The county is home to 10 percent of Georgia’s veterans, the most of any county in the state, yet there is no a local office of the Georgia Department of Veterans Services where veterans can file basic paperwork, said Mike Boyce, a veteran of the Marine Corps.
Boyce worked as a pilot in the Marine Corps and then as a budget and Middle East expert in Washington D.C. between 1971 and 2001. He lives with his wife in Marietta and remains active with veteran groups.
Cobb’s nearly 70,000 veterans are entitled to a number of benefits after their service, but many do not take advantage of them because there is no local office to help ease the headache of paperwork, Boyce said.
Veterans can apply for free driver’s licenses, if they can prove they are in fact veterans, Boyce said.
He had to drive into Atlanta to get a document signed confirming he had served in the military before he could apply for a license at the Department of Drivers Services back home in Cobb, he said.
Boyce has been working with Lee for about a year, he said, to get a place in Cobb for veterans to fill out and file documents for licenses, education and disability benefits.
Lee said he has worked with Rick Graham, the director of operation for the state’s DVS for about a year, looking for a suitable location for the veteran’s center. Lee said the pair has finally found an adequate location for the offices at the Cobb Senior Wellness Center on Powder Springs Street, near the Powder Springs Shopping Center.
“Until Rick came and talked with us a year ago, we did not realize there was a hole in the state’s service area for veterans,” Lee said.
The commissioners will vote at an upcoming meeting to allow County Manager David Hankerson to negotiate with the Georgia DVS to work out a timeline for building the center and paying for its lease, Lee said.
“We will bear the costs of a build out, they will bear the costs through the lease agreement and operating costs in the future,” Lee said.
The details as to who will construct the offices and how much the offices will cost will be determined within the next few months, Lee said.
Two full-time employees from the Georgia DVS will work in the Powder Springs Street offices, Boyce said.
Cobb taxpayers will fund the renovations of the Senior Center and the addition of the office, Boyce added, but the Georgia DVS will foot the bill for the lease and salaries of the staff.
“The Georgia Department of Veterans Services and Georgia as a whole has extraordinary benefits for veterans, you have to go up to Canton or down to the Sloppy Floyd Building in Atlanta to get benefits,” Boyce said.
Boyce is relieved Cobb will have its own place for local veterans, and believes the offices are much-needed. Veterans in Cobb are deterred by the distance traveling to Canton or Atlanta just to get benefits, and the local offices, Boyce believes, will be busy with veterans finally accessing the various benefits they are entitled to.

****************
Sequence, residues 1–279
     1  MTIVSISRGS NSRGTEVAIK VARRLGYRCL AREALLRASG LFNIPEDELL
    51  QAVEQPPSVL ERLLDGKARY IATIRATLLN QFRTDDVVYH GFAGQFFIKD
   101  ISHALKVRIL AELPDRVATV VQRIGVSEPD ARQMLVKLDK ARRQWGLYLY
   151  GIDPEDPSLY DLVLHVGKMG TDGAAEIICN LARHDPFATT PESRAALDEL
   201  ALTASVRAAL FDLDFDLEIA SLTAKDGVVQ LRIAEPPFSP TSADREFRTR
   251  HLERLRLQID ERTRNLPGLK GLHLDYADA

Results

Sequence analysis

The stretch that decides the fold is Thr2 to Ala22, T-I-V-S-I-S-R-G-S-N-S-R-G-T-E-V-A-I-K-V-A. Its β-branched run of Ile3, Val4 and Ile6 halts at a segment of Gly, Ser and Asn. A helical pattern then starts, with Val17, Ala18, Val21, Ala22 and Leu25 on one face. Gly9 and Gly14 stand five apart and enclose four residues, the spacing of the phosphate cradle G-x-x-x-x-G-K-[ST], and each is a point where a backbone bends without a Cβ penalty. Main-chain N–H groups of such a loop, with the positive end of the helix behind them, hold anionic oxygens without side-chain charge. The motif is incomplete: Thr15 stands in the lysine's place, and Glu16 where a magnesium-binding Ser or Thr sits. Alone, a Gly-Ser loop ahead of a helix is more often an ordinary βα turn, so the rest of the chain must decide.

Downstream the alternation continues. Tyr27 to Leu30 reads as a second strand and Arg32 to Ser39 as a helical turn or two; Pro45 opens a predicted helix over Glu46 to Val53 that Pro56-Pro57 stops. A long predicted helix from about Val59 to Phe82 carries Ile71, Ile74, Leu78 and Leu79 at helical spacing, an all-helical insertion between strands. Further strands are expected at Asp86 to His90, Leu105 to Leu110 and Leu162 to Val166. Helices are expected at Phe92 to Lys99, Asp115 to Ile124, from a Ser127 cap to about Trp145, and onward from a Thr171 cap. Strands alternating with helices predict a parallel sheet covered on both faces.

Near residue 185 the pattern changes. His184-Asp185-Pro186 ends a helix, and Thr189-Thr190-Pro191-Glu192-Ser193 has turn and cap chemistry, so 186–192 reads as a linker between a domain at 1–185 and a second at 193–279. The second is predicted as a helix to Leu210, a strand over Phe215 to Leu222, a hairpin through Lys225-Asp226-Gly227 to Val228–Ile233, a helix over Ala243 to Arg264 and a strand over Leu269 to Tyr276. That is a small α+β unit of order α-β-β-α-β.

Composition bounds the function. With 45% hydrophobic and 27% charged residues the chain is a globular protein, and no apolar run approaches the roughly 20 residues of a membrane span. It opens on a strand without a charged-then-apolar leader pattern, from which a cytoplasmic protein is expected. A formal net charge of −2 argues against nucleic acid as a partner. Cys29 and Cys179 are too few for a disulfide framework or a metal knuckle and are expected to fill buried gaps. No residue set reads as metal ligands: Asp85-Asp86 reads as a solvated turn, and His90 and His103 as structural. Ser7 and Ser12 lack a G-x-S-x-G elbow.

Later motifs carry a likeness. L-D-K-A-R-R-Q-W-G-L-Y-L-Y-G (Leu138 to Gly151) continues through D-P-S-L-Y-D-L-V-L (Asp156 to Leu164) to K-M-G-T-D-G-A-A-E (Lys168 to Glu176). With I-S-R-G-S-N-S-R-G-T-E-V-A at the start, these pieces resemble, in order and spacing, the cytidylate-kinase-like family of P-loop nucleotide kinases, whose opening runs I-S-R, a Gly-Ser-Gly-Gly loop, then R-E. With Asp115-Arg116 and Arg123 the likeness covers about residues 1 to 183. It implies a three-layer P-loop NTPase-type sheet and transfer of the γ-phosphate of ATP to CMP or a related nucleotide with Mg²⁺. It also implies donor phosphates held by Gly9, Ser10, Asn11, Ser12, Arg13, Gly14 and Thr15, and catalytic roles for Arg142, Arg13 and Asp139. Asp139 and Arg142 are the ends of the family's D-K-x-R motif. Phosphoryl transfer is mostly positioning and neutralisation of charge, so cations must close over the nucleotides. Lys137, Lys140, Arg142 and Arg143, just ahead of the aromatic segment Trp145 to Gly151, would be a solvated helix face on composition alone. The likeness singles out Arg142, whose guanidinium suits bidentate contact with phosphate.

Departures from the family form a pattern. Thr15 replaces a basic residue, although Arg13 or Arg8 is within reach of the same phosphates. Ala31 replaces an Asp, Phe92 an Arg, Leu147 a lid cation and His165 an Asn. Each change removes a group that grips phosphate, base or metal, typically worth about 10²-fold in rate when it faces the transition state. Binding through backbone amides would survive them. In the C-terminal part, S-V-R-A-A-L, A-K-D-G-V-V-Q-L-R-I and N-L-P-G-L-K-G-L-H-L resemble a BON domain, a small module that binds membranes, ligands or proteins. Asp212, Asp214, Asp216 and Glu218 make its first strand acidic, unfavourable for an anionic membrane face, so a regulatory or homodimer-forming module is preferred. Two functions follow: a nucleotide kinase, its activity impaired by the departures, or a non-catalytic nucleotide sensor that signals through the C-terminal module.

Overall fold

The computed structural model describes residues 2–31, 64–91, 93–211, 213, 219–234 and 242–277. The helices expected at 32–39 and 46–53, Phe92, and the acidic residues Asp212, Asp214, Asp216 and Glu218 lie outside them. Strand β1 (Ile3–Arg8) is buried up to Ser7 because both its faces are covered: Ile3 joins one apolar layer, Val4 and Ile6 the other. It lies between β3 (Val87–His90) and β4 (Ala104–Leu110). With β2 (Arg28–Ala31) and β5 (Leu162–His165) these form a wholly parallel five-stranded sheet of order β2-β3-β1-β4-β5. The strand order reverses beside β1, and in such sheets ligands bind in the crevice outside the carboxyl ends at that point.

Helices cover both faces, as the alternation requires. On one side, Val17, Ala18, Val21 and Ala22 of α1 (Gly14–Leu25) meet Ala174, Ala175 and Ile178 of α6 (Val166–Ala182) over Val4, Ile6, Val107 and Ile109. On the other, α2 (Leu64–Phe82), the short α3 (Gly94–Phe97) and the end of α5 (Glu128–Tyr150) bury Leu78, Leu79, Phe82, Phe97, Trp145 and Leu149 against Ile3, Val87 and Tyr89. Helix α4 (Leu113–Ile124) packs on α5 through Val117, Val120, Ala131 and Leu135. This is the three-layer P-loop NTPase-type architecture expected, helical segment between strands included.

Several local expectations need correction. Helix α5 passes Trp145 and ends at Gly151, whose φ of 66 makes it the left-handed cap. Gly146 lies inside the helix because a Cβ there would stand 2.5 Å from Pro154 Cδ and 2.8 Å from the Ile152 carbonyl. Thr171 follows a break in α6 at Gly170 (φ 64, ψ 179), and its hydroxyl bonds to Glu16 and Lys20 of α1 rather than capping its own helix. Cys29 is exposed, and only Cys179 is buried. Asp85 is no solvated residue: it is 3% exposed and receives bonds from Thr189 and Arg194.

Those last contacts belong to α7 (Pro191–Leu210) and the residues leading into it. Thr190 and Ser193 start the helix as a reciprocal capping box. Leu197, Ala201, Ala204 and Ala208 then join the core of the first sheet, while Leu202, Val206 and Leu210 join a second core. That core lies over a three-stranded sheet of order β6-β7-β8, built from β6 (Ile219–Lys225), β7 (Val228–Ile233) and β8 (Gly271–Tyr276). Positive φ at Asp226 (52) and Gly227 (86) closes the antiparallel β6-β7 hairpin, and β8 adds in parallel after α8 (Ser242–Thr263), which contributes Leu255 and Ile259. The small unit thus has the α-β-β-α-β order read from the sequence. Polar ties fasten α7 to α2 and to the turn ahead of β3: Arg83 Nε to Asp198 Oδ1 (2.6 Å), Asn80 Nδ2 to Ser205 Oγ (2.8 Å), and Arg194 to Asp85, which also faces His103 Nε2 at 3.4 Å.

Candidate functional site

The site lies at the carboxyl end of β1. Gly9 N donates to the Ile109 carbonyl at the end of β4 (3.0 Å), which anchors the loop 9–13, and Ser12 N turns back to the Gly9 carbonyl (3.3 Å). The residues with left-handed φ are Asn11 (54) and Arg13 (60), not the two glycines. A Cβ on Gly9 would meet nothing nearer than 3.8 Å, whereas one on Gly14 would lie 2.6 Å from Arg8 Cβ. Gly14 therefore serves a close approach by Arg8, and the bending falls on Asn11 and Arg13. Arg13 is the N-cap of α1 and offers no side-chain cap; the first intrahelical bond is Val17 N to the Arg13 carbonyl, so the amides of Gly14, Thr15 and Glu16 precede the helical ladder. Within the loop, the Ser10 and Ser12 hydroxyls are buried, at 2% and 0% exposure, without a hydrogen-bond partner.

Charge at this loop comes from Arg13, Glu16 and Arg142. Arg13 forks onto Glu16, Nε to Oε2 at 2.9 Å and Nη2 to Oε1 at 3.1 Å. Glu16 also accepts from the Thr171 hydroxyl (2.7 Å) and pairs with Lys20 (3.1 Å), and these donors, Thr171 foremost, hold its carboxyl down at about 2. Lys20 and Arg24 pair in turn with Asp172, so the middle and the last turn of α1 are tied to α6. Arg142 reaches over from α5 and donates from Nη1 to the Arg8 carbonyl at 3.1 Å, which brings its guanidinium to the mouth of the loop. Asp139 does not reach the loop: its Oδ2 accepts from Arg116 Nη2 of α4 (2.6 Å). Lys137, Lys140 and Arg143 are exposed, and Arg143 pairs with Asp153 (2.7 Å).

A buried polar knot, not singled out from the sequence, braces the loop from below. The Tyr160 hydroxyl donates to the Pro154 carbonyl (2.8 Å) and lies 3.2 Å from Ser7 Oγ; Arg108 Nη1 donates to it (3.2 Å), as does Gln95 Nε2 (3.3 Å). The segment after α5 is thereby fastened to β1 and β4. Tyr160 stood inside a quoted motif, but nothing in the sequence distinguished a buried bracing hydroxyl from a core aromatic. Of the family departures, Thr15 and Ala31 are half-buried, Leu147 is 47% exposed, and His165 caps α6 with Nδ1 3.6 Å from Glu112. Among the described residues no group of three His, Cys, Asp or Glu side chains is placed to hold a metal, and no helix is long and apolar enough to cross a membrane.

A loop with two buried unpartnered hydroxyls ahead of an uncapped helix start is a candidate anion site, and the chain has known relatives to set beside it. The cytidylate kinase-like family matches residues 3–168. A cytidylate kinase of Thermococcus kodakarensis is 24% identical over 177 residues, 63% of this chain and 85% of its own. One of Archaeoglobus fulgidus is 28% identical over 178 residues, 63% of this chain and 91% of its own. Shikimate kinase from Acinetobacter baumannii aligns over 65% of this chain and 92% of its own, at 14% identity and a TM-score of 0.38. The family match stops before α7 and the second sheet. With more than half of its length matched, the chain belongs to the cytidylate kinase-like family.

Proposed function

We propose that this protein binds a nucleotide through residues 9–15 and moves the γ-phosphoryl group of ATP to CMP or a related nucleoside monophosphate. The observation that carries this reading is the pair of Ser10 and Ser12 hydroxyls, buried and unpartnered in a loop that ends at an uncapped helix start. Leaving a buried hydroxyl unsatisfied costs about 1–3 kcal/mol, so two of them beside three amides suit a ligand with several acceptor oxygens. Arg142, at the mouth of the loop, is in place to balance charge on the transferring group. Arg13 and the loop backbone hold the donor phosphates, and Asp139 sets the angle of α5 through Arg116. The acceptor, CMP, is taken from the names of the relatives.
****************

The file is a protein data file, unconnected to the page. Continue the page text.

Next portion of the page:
“There is no question about it. The biggest challenge veterans have is becoming aware of all the benefits available to them,” Boyce said.
The local offices will be allies for local veterans applying for benefits with the U.S. Department of Veterans Affairs, Boyce said.
“These centers become your advocates. Applying for a disability claim in the VA without an advocate is like going to court without a lawyer,” Boyce said.
Local veterans encouraged by new office
Ron Mazzola, the senior vice commander of the American Legion Post 304 in Acworth, is heartened by the news of a state office in Cobb.
Mazzola thinks a number of local veterans will use the offices to apply for much-needed benefits.
“Believe it or not, veterans don’t even know they are entitled to get a free driver’s license. The office will deliver benefits to those who need them,” Mazzola said.
He estimated nearly 70 percent of veterans don’t know the number of benefits they are entitled to after serving.
Bill Liemhop, a retired member of the U.S. Navy, and former state commander of the American Legion, said workers at the Georgia Department of Veterans Services offices would be an asset to the community, bringing advice and tips to Cobb veterans.
“The closer the better, for all of us. They have a wealth of knowledge they can give us, they have all the books. There are a lot of benefits veterans don’t know anything about,” Liemhop said.
The office in Cobb will attract more veterans than currently use the state’s veterans services offices, said Liemhop because of its close proximity to the county’s veterans.
“I had to drive to the Cartersville office to get a piece of paper saying I was a veteran so I could get a driver’s license,” said the Acworth resident and member of the American Legion post 160 in Smyrna.
Gregory Widmer, a service officer at the Woodstock American Legion Post 316 said the Cobb office isn’t going to fulfill all veteran’s needs.
“It falls short of what we really need: helping the veterans from the beginning. That is small in comparison to what they really need in Cobb County,” Widmer said.